As we enter the New Year, the British public faces a perfect storm of cost of living pressures: rising inflation and property prices and — perhaps most serious of all — rocketing energy costs.
According to Ofgem, households are paying an average of £1,277 for their gas and electricity — a figure sure to rise sharply over the coming months as increases in wholesale gas and electricity prices feed through into domestic bills and the Government’s price cap is raised.
Of this, green stealth taxes represent a significant factor. A fat 15.3 per cent — £195 a year — goes on ‘environmental and social costs’. On electricity bills alone, it’s a huge 25.5 per cent.
This covers a bewildering and ever-growing number of green schemes — some of which are anything but.
Renewables Obligation
This was the original, underhand scheme which forced consumers to subsidise renewable energy at a cost of £6.3 billion a year, paid by both domestic consumers and business users of electricity.
Energy suppliers are obliged to buy a certain number of Renewable Obligation Certificates (ROCs) for every megawatt hour (MWh) of electricity they sell to consumers.
The scheme, introduced in 2002, was closed to new generating plants in 2017, but consumers are still paying to fund contracts issued in the past.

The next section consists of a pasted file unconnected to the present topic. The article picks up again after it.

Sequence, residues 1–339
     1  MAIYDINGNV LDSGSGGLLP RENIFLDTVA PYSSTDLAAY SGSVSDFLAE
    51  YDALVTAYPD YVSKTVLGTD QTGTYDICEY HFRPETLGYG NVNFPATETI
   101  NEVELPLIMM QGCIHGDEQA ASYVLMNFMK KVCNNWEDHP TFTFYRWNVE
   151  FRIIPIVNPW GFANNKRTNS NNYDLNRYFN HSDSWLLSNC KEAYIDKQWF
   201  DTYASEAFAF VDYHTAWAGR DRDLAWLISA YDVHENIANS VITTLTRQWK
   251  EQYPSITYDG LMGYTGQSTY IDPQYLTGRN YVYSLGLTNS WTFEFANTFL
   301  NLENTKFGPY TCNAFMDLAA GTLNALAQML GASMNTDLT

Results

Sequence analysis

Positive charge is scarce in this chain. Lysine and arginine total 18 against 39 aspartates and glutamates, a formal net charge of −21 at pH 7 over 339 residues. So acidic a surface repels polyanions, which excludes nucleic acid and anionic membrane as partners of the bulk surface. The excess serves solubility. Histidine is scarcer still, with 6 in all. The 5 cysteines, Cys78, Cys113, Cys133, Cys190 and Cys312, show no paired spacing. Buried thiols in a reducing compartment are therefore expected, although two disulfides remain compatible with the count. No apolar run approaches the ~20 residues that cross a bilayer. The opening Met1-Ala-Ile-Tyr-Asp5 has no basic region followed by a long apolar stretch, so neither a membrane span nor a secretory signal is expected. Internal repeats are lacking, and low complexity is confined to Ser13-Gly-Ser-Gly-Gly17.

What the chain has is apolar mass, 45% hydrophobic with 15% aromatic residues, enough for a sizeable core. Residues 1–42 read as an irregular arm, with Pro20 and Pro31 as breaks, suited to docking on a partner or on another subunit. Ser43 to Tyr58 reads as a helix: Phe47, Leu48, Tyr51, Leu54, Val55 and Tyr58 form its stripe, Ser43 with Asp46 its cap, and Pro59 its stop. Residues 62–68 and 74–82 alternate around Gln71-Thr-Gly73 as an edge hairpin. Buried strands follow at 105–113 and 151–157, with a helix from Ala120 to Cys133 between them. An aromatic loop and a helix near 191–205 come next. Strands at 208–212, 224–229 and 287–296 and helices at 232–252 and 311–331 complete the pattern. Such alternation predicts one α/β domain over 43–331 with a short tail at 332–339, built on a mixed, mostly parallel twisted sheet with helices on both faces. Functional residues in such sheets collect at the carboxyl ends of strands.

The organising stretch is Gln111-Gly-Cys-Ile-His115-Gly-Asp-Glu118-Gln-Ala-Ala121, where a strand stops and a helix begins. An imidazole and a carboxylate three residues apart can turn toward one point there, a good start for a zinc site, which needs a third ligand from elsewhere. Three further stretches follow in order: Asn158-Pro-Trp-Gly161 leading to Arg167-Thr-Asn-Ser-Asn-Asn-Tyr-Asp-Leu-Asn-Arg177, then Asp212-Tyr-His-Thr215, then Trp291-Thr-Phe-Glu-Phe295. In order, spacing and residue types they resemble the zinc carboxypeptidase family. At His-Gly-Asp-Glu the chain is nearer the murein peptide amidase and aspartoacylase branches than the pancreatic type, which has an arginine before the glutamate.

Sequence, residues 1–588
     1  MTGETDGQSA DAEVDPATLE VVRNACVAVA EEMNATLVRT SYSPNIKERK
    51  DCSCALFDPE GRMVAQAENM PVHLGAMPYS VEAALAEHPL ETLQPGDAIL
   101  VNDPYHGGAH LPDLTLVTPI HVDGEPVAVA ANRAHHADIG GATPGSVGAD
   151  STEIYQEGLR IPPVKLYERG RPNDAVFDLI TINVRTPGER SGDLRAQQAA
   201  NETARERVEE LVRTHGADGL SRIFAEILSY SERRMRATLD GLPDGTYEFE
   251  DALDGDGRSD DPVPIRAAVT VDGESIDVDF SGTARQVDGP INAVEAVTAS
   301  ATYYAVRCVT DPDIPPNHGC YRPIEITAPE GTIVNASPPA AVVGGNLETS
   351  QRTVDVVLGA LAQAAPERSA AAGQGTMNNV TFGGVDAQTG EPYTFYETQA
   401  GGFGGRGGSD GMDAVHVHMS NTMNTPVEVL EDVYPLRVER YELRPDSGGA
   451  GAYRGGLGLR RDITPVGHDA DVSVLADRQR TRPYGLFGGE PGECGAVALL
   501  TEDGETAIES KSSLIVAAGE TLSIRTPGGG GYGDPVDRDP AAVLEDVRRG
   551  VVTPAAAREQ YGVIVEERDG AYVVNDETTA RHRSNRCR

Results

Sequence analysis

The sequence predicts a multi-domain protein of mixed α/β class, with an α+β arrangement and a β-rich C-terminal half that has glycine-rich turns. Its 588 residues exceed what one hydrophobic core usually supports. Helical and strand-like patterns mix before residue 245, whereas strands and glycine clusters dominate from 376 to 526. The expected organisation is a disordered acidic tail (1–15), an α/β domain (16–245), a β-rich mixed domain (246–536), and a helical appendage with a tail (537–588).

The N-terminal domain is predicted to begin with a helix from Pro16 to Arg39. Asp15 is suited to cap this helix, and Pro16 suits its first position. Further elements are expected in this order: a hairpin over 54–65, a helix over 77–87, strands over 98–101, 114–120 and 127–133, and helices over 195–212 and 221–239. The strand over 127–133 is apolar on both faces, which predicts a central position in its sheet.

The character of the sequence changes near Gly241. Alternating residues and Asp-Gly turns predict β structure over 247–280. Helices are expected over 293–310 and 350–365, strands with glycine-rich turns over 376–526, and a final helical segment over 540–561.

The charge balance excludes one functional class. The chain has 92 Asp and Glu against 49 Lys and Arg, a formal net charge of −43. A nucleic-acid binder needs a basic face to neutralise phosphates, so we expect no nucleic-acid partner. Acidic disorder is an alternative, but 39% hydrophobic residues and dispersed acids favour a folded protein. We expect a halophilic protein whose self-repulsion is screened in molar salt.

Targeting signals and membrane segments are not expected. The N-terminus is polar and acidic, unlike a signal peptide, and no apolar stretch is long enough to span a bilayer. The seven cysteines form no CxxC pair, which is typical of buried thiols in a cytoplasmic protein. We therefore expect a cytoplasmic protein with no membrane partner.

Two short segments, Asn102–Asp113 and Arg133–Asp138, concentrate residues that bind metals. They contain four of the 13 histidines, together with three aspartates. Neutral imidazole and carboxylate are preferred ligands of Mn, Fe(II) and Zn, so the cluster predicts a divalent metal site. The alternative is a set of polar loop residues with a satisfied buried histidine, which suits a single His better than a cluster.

Generators were awarded 20-year contracts, meaning that consumers will still be paying for the scheme until 2037.
The result of the policy is that wind and solar farms generate so much electricity on windy and sunny days that in 2020 they had to be paid £282 million in ‘constraint payments’ to turn off their turbines.
Contracts for Difference
This is a new scheme which replaced the Renewables Obligation in 2017. Operators of qualifying renewable energy plants (nuclear power stations are eligible) are guaranteed a ‘strike price’ for every MWh of electricity they generate.
If the wholesale market rate for electricity falls below the strike price, a public body called the Low Carbon Contracts Company makes up the difference.
In the most recent auction in September, the Government offered £265 million of subsidies. Needless to say, the bill ultimately falls on consumers.

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